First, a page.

A few years ago my best friend’s dad underwent a double knee replacement and so I swung by the house one afternoon to say hello, see how he was doing, have a chat, etc. It was just a couple of days after the surgery so he was totally whacked out on pain meds, which made for quite a few interesting conversations.
At one point he told me that as soon as he was healed up and back on his feet that he was going back to school to get his doctorate. Being an educated man, I didn’t think too much of this notion. That is until he told me what he was going to study.
“I am going to write my doctoral thesis on why some people can catch fish and other people can’t,” he said. He went on to tell me all about his childhood mate and how they used to fish together on the river. Same rod, same reel, same bait, same hole. His friend always caught fish and he never did. Clearly this childhood scar stuck with him over the course of his lifetime.
There’s something about fishing that makes the most rational people turn into mini witch doctors. The only pastime that fosters more superstition is playing Bingo at a smoke-filled V.F.W. hall. The list of fishing superstitions and taboos is exhaustive, wear the right hat, spit on your worm, throw back your first catch of the day for good luck…in the superstitious South you can find at least 50 different supernatural tricks specifically for hooking a catfish. Motor oil on your hook, anyone?
Of course a lot of the taboos we follow at home are just for fun. I remember fondly how my dad wore his fishing vest inside out for good luck, even though it was a real pain to get lures out of the pockets! When heading out on a charter trip, though, it’s a good idea to know some of the taboos that you should break, and of course those you should keep. It’s kind of like breaking the “rules” at the blackjack table…no matter how ridiculous you might think the rules are, you don’t want to anger complete strangers, especially since from their point of view your actions made them lose money…it’s the same with fishing. You might know that crossing your line with a fellow fisherman’s doesn’t do a thing to the bait underwater, but if the other guy believes it, at the very least it’s bad karma to step on his toes.
Fishing Taboos You Should Break
- Don’t Live Chum: a lot of folk believe that it is bad luck to toss perfectly good bait into the water simply to attract fish up towards the boat. The reality is that for some species, this is the best way to turn a poor day out at sea into a successful one. One such fish is sailfish. Don’t just dump the whole bucket overboard in one quick toss, but drip feed a handful or two to create a trail of bait for the fish to follow all the way up to the boat.
- Don’t bring bananas on a fishing trip: while eating a banana won’t necessarily help you catch more fish, it certainly won’t hinder your chances either. “One story about the bananas is an old wives tale,” says Key West Captain Craig Eubank. “It dates back to the days when stevedores would sometimes get bitten by poisonous spiders while unloading cargo crates of bananas from the Caribbean. The tale started out with bananas being bad luck on boats in general, and then morphed to fishing boats in particular.” Other stories and explanations abound – but it’s not bad luck, Captain Craig says.
- Any of the weather taboos: there are dozens of taboos that have to do with wind, rain, barometric pressure, thunder, and other weather conditions. While there is probably more truth to some of these wives tales than say worrying about bringing the pole into the house before a fishing trip, you can pretty much fish in any weather that you feel comfortable fishing in. While the conditions will undoubtedly affect your enjoyment of the day, most likely the direction of the wind will have no effect on the bite.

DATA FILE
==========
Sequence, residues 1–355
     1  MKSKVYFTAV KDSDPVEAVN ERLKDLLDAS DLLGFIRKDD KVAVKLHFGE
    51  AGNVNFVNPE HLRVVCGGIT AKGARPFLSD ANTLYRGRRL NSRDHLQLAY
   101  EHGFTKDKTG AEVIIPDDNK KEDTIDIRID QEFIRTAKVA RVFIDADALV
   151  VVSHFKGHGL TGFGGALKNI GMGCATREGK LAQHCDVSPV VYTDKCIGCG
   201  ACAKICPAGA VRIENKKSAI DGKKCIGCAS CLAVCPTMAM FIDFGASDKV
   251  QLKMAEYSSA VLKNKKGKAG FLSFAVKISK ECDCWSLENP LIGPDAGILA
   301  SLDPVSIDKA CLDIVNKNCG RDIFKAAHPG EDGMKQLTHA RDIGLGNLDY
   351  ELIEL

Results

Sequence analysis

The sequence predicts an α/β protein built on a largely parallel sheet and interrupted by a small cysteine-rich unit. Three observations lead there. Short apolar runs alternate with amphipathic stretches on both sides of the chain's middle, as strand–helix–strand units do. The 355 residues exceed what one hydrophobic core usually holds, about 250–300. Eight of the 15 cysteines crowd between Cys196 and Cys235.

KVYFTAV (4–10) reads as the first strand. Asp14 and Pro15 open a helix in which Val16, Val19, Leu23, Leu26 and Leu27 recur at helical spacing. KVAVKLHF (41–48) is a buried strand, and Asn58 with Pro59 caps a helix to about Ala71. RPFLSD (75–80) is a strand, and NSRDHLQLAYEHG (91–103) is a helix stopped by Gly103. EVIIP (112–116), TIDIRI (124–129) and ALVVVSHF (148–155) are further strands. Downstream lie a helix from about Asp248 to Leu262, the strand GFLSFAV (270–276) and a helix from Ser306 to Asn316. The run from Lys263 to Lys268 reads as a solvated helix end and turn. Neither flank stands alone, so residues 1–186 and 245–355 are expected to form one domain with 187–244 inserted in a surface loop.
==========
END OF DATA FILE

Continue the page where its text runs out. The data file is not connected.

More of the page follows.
- If you talk while fishing the fish will hear you: this one’s kind of a double-edged sword. No, you don’t need to be as quiet as a Tibetan monk, but stomping across the boat like a Neanderthal and shouting at the top of your lungs may lead the fish to stop biting simply out of spite.
- Never tell anyone how many fish you have: keep in mind that there is a difference between telling how many fish you have and asking. Feel free to share your successes as you are so inclined, but never ask a fellow fisherman to do the same.
- A woman on board makes the Ocean angry: it’s 2013, don’t be a sexist pig.
- If you play a fiddle the fish will come to the surface: bringing a fiddle on your Key West charter boat, even if it’s a private charter, is liable to end with your fiddle being thrown overboard.
Clearly the ocean was not angry enough to keep this young woman from catching a black grouper for dinner on her Key West deep-sea fishing adventure.
Fishing Taboos you should keep
- Never wear black-soled shoes on a fishing boat: the superstition here is clearly ridiculous, but the idea is not to mark up the floor of the boat!
- Fishermen who wear earrings or have tattoos won’t drown: this isn’t true, but it’s a great excuse to get a tattoo.
- A dog near fishing tackle is bad luck: luck is the least of your worries here; it’s a Chihuahua with a triple hook in his lips!
As an honorable mention here, keep in mind that when fishing with others you need to respect that they may follow a stricter list of fishing superstitions than you do. Sure, it’s silly, but messing up someone else’s fishing trip is the surest way to lose your own fishing karma…and fishing karma, without question, is a bona fide proven fact!
- License: Image author owned
- License: Image author owned
- License: Image author owned
By M.-J. Taylor
M.-J. Taylor loves to write about fishing, and other warm water attractions in Key West and the Florida Keys – it’s where summer spends the winter, they say. Let’s go fishing!